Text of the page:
Reporting on Channel


Making the news in the Channel Islands

Michael Lucas, head of local programmes

Michael Lucas
Michael Lucas checks the assignments board for camera crews

As Channel celebrates its 25th birthday, news is coming in from the Independent Broadcasting Authority that the station has to increase its local output from a minimum of three and a half hours to four hours every week. This fact should not cause our local programming department too many problems — throughout our history we’ve managed to put out more programmes each week than we’ve been obliged to.

And they’re pretty diverse programmes. There’s the station’s best known personality, Oscar Puffin, loved by children the Islands over as they grow up with him wishing them a happy birthday. There are weekly French programmes, the clergy begin each Sunday with a thought-provoking message to Islanders, and of course there’s the raison d’etre of Channel Television — our local news and current affairs programmes spearheaded by Channel Report

Nine reporters in Jersey, three in Guernsey and correspondents in both Alderney and Sark work to the News Editor, finding out what’s going on in the islands. The News Editor tastes’ their copy and decides how he wants the story treated — words only, words and pictures or a full-blown report of words, pictures and interviews.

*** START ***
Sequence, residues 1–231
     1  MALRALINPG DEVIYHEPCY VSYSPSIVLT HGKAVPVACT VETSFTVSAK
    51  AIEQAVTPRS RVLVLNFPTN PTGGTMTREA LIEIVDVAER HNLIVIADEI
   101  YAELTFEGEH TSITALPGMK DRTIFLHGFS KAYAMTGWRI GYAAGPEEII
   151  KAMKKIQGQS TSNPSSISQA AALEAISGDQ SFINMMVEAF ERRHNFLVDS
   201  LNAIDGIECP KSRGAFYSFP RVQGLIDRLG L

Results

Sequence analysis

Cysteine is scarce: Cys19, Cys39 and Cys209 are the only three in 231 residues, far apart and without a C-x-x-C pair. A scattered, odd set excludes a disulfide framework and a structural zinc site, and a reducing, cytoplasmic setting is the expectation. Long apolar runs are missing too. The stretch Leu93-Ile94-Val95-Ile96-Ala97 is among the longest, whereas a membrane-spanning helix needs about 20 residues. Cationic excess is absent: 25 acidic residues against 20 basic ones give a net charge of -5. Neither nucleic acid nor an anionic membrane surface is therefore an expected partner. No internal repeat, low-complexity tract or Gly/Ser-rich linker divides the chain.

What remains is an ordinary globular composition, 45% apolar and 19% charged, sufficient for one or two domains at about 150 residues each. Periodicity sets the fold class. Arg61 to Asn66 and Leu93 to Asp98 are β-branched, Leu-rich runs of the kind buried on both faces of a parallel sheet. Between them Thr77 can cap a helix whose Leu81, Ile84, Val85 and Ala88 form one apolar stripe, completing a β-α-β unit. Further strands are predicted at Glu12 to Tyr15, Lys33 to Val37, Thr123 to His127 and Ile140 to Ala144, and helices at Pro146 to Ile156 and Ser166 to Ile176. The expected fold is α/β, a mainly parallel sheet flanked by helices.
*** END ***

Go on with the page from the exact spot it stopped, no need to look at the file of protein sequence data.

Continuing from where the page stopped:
To gather these pictures there are two camera crews in Jersey and one in Guernsey. There are also freelance cameramen in Alderney and Sark. Their pictures are transported by boat or plane to Guernsey from where they are beamed over to Jersey by a micro-wave link for editing.

Over 25 years, Channel’s local programmes have built up a substantial and loyal following, mainly because the programmes are all about what’s going on here. As well as the Channel Report half hour, there are news bulletins at lunchtime, at 10.30 at night and on Sunday evenings at 625.

‘Specials’ are also mounted when something unusual is going on — a royal visit, local general elections, the anniversary of an important island institution. For example, around the time we will be celebrating our Silver Jubilee there will be Channel Report specials covering three major events — the Island Games, The Guernsey Festival and International Powerboat Week, all being staged in Guernsey at the same time.

To give these important events adequate coverage, an edit suite, an editor, camera crews, reporters and maintenance engineers will be shipped in to Guernsey to help the existing personnel. Each evening Channel Report will be presented live from our Guernsey studio, linking up for the news section of the programme with a presenter in our Jersey studio.

Thanks to advances in technology it’s now as easy to present Channel Report from Guernsey as it is from the Jersey studio. This means that the Guernsey end of our operation is as involved in the presentation of the programme — and in its transmission — as the Jersey end, which for nearly 25 years has been the real hub of Channel Television.

Now, because the Guernsey reporters and crews are as involved as their Jersey counterparts in what the public actually see from their local programme makers, Channel Television is finally living up to its name — it really is Channel Islands’ Television.


The Lee Barnard Collection in the Transdiffusion Archives

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